World Pantheist Movement Statement of Principles

The Statement

  1. We revere and celebrate the Universe as the totality of being, past, present and future. It is self-organizing, ever-evolving and inexhaustibly diverse. Its overwhelming power, beauty and fundamental mystery compel the deepest human reverence and wonder.
  2. All matter, energy, and life are an interconnected unity of which we are an inseparable part. We rejoice in our existence and seek to participate ever more deeply in this unity through knowledge, celebration, meditation, empathy, love, ethical action and art.
  3. We are an integral part of Nature, which we should cherish, revere and preserve in all its magnificent beauty and diversity. We should strive to live in harmony with Nature locally and globally. We acknowledge the inherent value of all life, human and non-human, and strive to treat all living beings with compassion and respect.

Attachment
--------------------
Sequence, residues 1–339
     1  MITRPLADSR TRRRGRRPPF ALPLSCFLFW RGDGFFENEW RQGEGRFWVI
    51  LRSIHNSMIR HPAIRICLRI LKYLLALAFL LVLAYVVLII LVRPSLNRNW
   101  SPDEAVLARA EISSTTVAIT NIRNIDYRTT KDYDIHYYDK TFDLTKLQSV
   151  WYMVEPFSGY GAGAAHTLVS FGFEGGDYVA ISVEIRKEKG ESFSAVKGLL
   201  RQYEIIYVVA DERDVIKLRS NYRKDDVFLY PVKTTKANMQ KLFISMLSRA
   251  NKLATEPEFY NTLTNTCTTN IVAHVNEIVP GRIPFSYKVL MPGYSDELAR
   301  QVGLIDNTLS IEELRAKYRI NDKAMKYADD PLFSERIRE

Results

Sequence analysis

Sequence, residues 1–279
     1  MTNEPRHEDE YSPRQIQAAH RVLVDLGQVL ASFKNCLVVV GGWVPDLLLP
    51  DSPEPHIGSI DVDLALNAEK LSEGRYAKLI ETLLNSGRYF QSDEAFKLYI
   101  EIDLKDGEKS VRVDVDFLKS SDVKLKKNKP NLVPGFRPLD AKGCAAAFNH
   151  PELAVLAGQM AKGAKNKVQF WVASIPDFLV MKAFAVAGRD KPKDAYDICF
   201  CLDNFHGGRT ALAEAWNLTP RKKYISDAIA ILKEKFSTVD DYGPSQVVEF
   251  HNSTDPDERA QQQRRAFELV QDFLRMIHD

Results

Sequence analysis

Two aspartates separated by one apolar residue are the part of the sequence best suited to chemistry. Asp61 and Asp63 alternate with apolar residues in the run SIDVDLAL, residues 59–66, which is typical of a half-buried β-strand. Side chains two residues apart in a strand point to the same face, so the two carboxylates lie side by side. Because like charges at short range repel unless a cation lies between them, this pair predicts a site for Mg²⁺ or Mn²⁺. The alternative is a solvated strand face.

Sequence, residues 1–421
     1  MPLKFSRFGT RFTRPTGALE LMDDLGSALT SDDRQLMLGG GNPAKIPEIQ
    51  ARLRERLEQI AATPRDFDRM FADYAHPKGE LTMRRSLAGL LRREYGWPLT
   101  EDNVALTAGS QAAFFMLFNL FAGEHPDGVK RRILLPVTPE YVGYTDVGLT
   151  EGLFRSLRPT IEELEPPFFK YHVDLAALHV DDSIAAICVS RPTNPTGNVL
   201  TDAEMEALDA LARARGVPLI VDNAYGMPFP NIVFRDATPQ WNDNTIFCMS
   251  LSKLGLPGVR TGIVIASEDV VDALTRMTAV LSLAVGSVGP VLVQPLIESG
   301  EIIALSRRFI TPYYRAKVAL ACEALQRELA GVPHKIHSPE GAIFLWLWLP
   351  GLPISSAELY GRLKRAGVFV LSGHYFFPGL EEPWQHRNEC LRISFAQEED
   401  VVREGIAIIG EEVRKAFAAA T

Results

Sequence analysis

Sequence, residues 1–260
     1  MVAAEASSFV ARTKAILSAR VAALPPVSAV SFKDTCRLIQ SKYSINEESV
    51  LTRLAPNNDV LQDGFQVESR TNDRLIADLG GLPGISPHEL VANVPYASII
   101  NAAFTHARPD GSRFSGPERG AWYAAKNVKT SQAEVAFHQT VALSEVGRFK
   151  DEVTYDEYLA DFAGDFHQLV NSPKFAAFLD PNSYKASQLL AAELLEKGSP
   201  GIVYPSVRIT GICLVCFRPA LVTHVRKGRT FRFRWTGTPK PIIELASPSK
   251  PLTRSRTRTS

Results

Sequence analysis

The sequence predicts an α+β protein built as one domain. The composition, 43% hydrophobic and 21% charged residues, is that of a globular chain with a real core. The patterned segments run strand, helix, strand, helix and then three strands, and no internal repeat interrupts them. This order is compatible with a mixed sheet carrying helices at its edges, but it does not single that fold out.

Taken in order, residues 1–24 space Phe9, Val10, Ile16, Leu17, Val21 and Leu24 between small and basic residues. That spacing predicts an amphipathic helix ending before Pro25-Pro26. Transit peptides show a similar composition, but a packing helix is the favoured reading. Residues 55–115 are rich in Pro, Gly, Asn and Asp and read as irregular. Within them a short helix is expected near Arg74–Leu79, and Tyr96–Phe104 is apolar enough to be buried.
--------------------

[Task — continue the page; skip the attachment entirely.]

4. All humans are equal centers of awareness of the Universe and nature, and all deserve a life of equal dignity and mutual respect. To this end we support and work towards freedom, democracy, justice, and non-discrimination, and a world community based on peace, sustainable ways of life, full respect for human rights and an end to poverty.
  5. There is a single kind of substance, energy/matter, which is vibrant and infinitely creative in all its forms. Body and mind are indivisibly united.
  6. We see death as the return to nature of our elements, and the end of our existence as individuals. The forms of “afterlife” available to humans are natural ones, in the natural world. Our actions, our ideas and memories of us live on, according to what we do in our lives. Our genes live on in our families, and our elements are endlessly recycled in nature.
  7. We honor reality, and keep our minds open to the evidence of the senses and of science’s unending quest for deeper understanding. These are our best means of coming to know the Universe, and on them we base our aesthetic and religious feelings about reality.
  8. Every individual has direct access through perception, emotion and meditation to ultimate reality, which is the Universe and Nature. There is no need for mediation by priests, gurus or revealed scriptures.